Sermon: Yes, I Remember

October 4, 2020
Eighteenth Sunday after Pentecost
World Communion Sunday

Exodus 20:1-20

by Eric Anderson

It doesn’t happen often among the kolea. They’re generally pretty mellow birds. They don’t seem to mind things very much – even rain in Hilo or, to tell the truth, rain on the Alaskan coast. They don’t chase other birds away for the best worm or spider. They don’t make a lot of noise. I’ve never actually heard a kolea make any noise. Have you?

But it does happen. Just like among humans, among the kolea, every once in a while you’ll find a bully.

There was one bully who was just mean. He flew about the parks and yards looking, not for likely places to eat, but likely places to bully another kolea. He’d land in Lili’uokalani Gardens near a perfectly pleasant kolea and run at it, bat at it with his wings, and peck at it with his beak. The poor bird would hop away to another spot, but the bully would pursue. If his victim flew away, he might fly after it, or he might choose another nearby.

All around the kolea community of Hilo, no kolea felt safe.

One day, however, the bully ran into a bigger bird than he. A hunting ‘io caught him unawares. He only spotted it as it glided toward him. He ducked and rolled and got into the shelter of a bush, and the ‘io couldn’t reach him. It screeched its disappointment and disappeared.

But it had not been entirely unsuccessful. The bully’s right wing was broken. Until it healed, he could not fly. If he left the bush, he’d be easy prey for that ‘io, or for a cat. If he didn’t leave the bush, he’d probably starve. There wasn’t enough food to eat beneath it. Things looked bleak.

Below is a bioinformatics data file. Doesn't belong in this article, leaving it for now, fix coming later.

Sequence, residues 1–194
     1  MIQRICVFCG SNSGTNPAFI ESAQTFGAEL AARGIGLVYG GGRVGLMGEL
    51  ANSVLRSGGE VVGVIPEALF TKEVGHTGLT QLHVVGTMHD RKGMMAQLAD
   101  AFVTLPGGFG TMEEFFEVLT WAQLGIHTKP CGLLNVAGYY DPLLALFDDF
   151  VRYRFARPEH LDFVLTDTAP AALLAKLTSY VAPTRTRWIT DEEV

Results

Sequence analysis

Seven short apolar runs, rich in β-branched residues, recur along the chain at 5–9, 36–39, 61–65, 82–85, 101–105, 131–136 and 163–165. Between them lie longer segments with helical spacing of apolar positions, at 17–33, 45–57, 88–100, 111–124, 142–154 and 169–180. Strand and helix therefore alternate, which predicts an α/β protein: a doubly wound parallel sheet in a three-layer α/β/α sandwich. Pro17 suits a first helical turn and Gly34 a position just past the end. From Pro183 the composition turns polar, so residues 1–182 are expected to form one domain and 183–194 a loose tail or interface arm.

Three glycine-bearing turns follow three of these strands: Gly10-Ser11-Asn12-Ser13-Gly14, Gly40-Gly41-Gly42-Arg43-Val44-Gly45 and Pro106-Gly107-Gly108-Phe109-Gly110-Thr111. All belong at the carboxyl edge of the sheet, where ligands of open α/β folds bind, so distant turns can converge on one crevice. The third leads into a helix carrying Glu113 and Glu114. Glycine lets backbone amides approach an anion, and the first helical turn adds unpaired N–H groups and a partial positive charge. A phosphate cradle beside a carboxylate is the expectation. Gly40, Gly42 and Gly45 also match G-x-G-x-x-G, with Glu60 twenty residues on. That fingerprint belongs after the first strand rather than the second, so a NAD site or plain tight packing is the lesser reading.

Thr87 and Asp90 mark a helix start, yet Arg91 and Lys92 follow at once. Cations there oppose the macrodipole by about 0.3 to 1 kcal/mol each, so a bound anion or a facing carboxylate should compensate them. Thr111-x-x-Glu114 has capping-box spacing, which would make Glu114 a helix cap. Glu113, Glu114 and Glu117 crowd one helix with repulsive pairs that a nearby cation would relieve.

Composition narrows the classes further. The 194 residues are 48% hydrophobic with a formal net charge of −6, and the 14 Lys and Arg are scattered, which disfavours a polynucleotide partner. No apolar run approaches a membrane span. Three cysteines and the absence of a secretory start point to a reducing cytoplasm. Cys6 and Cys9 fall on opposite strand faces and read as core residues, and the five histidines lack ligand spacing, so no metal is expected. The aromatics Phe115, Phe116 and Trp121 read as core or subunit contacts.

It took a while for kolea version of the coconut wireless to spread the news: the bully’s wing is broken and he’s hiding in a bush. Kolea flew by, curious, to look. The bully glared defiantly out at them. He might not be stronger than an ‘io, but if he died, he would die the strongest of the kolea.

Three other birds stood together nearby and watched. “What do we do?” asked one. “What can we do?” asked the second. “We could feed him,” said the third.

They looked at him, astonished. “Do you think he’d thank us for it?” asked the first. “He’ll come back just the same or worse,” declared the second. “Quite likely,” said the third.

Then the third bird shrugged her wings. “It’s not a question of what kind of bird he is,” she said. “It’s a question of what kind of bird I am.”

The three of them plucked worms from the grass and carried them to the bully in his bush. He pulled back his beak to strike, then hesitated, seeing the worms. “Buying my favor?” he growled. “It won’t work.”

“No,” said the third bird. “We’re not. We don’t know whether you’ll be grateful or not. We don’t know whether you’ll behave better or not. But we are who we are, and we won’t let you starve.”

“It won’t work,” repeated the bully. “I’ll be back stronger than ever.”

“You might,” said the third bird. “But I promise you this: You will never pick on a lone kolea again. If you pick on one, another will come, and another, and another, until there are too many for you to resist.

“We will not let you starve. We also will not let you abuse.”

In Mel Brooks’ 1981 movie History of the World, Part I, there is a scene where Brooks, playing Moses, brings three stone tablets down the mountain. He announces to the unseen people that God has given them fifteen commandments, but as he does, one of the tablets slips from his fingers and shatters on the ground. Rallying, he cries, “Ten! Ten Commandments for all to obey!”

This week I wrote a lament based on that movie scene, because if we can’t keep ten commandments, I can’t imagine that fifteen would go any better.

As Kathryn Matthews writes at, “Our culture, with those engraved stones we value more highly than the mysterious, less tangible treasures of our faith, also offers us many other ‘gods,’ and many ways to ‘worship’ them, to organize our lives in a kind of subjugation to them, putting them above all others, whether we would like to admit it or not. We just don’t recognize them as gods.”